NAMI Pays Tribute to Former Board Member Dr. H. Richard Lamb

8/19/2019

NAMI mourns the passing of Dr. H. Richard Lamb following an illness. Dr. Lamb, an eminent psychiatrist, served on the NAMI Board of Directors from 2005 to 2009.
 
Dr. Lamb devoted his career to serving people with the most severe mental illnesses. His work particularly focused on people who experience homelessness or are involved with criminal justice systems. He was one of the first people nationally to document that many people released from state hospitals after long periods of institutionalization experienced homelessness or incarceration, writing articles about this topic as early as the 1970’s.  
 
One of Dr. Lamb’s most important studies assessed people with severe mental illness incarcerated in Los Angeles’ infamous Twin Towers jail. Through his research, he was able to document that many of these people had been charged with relatively minor, non-violent offenses that were a direct consequence of their untreated mental illness. He also documented that many of these people spent months or years in jail awaiting competency restoration rather than being diverted to the mental health system for treatment. His research was prescient in that the problems he documented exist in many parts of the country today.
 
Dr. Lamb graduated from Yale Medical School and was appointed as Professor of Psychiatry at the University of Southern California (USC) School of Medicine in 1976.  He remained as a full professor at USC through 2006 when he became Professor Emeritus.   Dr. Lamb published six books and more than 140 peer reviewed articles during his distinguished career.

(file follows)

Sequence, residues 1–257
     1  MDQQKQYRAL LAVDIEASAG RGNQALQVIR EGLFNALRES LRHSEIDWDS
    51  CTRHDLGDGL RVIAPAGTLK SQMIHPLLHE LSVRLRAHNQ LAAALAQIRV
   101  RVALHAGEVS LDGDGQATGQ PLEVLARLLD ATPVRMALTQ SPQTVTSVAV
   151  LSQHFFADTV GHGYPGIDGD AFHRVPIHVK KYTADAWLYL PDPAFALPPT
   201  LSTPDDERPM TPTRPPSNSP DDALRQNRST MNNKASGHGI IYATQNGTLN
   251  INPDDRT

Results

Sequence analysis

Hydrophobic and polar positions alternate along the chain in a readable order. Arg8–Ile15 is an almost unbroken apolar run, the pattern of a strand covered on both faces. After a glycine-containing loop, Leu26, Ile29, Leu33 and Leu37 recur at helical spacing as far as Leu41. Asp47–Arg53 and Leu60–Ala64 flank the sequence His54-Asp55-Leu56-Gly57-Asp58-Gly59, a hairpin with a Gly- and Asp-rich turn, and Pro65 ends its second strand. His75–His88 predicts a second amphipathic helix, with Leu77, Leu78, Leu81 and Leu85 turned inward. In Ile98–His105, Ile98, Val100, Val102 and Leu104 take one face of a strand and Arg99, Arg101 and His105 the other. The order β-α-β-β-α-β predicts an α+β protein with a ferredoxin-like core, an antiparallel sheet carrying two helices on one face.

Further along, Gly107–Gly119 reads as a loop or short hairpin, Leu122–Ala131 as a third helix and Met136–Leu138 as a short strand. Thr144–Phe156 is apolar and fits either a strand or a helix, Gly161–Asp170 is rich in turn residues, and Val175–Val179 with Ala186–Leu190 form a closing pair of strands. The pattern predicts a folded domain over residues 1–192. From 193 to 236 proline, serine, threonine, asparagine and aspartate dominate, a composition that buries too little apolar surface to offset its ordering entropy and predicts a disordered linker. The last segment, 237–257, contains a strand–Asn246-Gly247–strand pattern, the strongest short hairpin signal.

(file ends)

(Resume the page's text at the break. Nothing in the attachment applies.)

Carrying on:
In recognition of his important work and career long dedication to public sector psychiatry, Dr. Lamb received a number of awards including NAMI’s Don and Peggy Richardson Memorial Award for Distinguished Service in 2003 and the Arnold L. Van Ameringen award in Psychiatric Rehabilitation. He also served as Chair of the American Psychiatric Association’s Taskforce on Homelessness and Mental illness and on the Board of Directors of the Treatment Advocacy Center.
 
Dr. Lamb was a modest and quiet man, which often masked his subtle wit and exceptional intellect. He was not one to dominate conversations or impose his views on others but was always happy to provide his knowledge and wisdom on topics relevant to NAMI’s mission. He will be greatly missed.